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  1. What are the major disease manifestations and complications of multiple sclerosis?

  2. How are exacerbations of multiple sclerosis treated?

  3. What are treatment options for complicating symptoms of multiple sclerosis, such as fatigue, bladder dysfunction, and spasticity?

  4. What disease-modifying agents are available to treat multiple sclerosis? What are their major toxicities?

Multiple sclerosis (MS) is an autoimmune, T-cell-driven disease of the central nervous system characterized initially by demyelination and, eventually, by axonal destruction and neuronal loss. It is the most common neurologic disease in young adults.

The peak age of onset between 20 and 40 years, and it has a twofold higher incidence in women. It has long been observed that latitude of residence in childhood is a risk factor for the development of the disease. MS is rare in equatorial areas, and the prevalence rises sharply with increasing distance from the equator. The relation of MS prevalence to latitude and altitude suggests that increased sun exposure in childhood protects against MS, but more recent work favors a genetic predisposition to MS that is geographically clustered.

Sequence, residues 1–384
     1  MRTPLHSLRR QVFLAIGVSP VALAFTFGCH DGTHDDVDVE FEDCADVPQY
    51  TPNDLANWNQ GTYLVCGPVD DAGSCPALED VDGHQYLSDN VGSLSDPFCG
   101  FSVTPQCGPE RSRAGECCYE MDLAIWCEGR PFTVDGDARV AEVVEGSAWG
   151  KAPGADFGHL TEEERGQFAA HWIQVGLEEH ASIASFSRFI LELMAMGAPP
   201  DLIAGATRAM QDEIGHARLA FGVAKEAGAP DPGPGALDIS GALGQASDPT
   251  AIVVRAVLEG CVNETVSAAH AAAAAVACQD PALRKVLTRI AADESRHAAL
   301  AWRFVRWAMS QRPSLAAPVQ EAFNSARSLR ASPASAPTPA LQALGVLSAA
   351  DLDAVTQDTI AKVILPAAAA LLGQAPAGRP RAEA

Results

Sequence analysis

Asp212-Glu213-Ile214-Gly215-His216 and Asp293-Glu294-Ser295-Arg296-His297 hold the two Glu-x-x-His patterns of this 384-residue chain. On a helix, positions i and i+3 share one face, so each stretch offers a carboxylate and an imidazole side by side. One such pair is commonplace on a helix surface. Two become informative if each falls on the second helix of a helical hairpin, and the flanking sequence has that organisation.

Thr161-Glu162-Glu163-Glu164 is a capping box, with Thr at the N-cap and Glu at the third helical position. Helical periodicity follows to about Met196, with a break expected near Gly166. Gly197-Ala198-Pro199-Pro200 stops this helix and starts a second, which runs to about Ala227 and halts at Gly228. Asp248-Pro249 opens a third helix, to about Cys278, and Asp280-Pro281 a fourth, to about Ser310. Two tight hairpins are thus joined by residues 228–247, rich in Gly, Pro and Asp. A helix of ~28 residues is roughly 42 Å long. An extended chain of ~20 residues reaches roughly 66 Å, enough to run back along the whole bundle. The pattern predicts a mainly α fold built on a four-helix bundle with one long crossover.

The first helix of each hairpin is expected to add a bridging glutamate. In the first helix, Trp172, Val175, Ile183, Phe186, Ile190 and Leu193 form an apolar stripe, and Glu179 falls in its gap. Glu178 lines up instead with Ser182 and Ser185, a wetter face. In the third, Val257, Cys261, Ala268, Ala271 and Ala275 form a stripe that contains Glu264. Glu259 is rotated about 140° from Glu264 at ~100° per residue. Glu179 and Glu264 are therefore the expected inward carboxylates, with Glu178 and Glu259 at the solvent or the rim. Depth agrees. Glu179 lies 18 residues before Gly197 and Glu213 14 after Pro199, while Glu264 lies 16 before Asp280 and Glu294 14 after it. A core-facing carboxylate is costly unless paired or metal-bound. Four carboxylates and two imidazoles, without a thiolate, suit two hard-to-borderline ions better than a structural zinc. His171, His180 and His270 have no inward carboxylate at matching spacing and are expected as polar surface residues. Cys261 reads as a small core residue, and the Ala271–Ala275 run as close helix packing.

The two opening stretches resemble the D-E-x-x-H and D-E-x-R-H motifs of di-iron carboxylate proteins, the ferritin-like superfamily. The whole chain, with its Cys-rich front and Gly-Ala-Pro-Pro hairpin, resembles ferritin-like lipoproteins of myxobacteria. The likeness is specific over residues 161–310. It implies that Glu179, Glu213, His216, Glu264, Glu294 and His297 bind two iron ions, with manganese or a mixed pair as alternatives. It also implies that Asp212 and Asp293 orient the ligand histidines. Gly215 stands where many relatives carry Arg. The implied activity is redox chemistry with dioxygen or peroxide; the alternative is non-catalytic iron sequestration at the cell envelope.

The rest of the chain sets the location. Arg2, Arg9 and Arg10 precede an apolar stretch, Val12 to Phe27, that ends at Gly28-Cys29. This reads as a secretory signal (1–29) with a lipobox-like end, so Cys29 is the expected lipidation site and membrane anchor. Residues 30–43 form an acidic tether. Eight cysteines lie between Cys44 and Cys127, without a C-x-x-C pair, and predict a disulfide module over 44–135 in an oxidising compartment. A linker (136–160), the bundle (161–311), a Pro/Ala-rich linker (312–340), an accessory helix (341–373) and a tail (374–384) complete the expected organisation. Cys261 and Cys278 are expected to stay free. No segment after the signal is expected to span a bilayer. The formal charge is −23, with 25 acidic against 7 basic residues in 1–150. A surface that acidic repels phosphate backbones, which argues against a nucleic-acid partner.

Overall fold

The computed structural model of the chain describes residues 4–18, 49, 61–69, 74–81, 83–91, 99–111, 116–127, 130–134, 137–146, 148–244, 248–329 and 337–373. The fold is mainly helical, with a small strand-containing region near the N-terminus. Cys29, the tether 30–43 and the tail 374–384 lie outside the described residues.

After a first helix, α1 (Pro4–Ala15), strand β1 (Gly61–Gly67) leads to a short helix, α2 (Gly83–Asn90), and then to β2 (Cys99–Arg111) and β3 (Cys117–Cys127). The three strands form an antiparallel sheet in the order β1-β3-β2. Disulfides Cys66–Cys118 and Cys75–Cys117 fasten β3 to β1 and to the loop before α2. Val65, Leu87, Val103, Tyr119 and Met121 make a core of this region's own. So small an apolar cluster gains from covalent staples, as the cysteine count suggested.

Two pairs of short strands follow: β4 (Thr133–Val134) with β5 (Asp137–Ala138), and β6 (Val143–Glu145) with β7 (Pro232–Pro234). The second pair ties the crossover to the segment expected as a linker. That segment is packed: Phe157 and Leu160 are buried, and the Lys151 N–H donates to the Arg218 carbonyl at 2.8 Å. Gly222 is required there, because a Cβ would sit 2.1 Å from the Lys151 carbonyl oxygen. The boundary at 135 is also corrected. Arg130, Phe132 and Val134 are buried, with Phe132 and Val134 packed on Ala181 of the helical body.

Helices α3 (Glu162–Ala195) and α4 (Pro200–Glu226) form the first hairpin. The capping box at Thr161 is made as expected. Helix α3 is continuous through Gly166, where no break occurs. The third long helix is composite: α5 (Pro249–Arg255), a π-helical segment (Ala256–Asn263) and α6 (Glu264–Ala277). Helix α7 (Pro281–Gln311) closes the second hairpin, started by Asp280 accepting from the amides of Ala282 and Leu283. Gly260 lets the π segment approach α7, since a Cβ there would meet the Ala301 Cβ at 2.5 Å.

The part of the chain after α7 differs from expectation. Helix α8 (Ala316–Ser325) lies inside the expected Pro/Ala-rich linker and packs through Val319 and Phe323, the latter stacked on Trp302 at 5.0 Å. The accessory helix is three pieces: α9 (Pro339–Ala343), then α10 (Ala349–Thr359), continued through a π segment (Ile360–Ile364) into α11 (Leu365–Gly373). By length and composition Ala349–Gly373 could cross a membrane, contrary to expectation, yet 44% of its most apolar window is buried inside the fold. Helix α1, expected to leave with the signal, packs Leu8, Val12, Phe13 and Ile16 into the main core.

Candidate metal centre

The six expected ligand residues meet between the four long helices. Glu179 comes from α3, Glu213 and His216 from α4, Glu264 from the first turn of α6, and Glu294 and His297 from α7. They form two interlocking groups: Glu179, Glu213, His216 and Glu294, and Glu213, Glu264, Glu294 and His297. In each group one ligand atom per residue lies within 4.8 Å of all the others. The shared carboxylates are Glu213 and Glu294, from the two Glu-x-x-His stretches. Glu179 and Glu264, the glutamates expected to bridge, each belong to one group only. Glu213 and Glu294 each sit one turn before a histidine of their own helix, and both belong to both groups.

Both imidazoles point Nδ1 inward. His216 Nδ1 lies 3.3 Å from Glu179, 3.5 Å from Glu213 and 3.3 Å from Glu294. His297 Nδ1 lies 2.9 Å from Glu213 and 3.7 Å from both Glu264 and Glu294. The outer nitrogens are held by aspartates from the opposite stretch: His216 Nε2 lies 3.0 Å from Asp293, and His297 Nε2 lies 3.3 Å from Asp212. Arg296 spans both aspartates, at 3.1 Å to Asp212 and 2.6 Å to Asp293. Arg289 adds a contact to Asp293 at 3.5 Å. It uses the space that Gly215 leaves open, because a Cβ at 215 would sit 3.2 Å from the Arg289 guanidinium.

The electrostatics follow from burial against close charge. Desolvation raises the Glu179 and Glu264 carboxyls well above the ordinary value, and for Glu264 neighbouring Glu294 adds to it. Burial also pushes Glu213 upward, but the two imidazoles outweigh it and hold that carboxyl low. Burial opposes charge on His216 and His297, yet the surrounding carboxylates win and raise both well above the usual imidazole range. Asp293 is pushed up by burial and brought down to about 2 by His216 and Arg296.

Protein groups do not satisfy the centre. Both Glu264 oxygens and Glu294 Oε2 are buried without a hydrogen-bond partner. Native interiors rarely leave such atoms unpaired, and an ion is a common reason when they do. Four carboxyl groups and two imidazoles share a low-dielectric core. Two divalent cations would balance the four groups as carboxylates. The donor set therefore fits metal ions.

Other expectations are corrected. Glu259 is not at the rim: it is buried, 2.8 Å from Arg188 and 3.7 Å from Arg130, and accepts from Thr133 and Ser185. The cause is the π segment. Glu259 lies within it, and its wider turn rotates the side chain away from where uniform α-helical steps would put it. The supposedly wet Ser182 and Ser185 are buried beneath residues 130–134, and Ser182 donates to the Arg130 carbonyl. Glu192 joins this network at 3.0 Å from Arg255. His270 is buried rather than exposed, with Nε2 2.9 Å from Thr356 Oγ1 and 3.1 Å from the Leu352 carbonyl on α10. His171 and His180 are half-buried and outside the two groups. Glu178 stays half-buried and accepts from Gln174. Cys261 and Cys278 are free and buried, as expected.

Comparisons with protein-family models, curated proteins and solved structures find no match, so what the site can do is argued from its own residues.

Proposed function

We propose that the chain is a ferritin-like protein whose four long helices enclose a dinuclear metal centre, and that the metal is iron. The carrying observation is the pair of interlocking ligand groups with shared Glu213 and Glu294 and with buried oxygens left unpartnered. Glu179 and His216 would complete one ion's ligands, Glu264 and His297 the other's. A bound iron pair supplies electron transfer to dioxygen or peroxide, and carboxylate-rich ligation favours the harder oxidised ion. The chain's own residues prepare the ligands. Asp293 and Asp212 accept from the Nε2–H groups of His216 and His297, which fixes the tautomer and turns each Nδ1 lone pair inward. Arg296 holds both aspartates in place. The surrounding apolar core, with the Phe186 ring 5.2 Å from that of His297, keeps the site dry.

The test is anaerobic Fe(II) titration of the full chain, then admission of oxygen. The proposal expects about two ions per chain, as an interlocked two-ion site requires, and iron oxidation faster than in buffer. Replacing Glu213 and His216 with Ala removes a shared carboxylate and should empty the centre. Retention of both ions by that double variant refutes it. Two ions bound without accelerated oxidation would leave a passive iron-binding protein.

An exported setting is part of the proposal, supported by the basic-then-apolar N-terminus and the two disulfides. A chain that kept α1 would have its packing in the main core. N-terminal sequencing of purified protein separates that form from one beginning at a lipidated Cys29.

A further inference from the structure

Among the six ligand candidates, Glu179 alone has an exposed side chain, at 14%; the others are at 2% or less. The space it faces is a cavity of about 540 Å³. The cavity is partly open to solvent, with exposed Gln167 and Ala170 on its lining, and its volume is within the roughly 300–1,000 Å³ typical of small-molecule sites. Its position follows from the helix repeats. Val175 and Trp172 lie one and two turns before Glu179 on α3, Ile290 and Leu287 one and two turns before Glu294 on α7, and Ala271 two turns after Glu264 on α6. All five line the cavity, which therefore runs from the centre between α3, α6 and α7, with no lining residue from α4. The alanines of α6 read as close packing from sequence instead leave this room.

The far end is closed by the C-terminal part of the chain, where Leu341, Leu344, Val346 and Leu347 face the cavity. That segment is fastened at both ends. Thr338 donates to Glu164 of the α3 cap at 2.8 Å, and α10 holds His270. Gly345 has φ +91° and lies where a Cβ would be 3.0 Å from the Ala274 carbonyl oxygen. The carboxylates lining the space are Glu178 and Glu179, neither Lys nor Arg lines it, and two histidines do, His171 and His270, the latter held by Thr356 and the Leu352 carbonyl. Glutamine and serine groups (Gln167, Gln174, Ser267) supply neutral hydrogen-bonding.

Genetic factors play a major role in the development of MS, and a family history is common. The major histocompatibility complex allele HLA-DRB1*1501 and two cytokine receptor genes, the interleukin 7 receptor alpha chain gene (IL7RA) and the interleukin 2 receptor alpha chain gene (IL2RA), have been implicated. Susceptibility to MS is likely polygenic, with the contribution of most genes to MS risk being relatively small. Clusters of MS cases have suggested an infectious trigger, although the search for a specific viral or bacterial cause of MS has been thus far fruitless.


Multiple sclerosis is characteristically a relapsing and remitting disease, but there is great variation in its course. Common presenting symptoms of MS are summarized in Table 213-1. Weakness, numbness, or both in one or more limbs are common first symptoms. Patients may have paresthesias in the extremities or a band-like tightness around the trunk or limbs. The legs may feel heavy or difficult to control. Neck flexion may cause a sensation of electric shocks in the shoulders, back, and occasionally in the thighs. This finding, known as the Lhermitte sign, may also be present in cervical spondylosis, vitamin B12 deficiency, radiation myelopathy, and other conditions affecting the cervical spine.

Table 213-1 Predominant Presenting Symptoms of Multiple Sclerosis

Certain acute or subacute clinical syndromes are particularly characteristic of MS, although they also occur in association with other diseases of the nervous system. Optic neuritis most often ...

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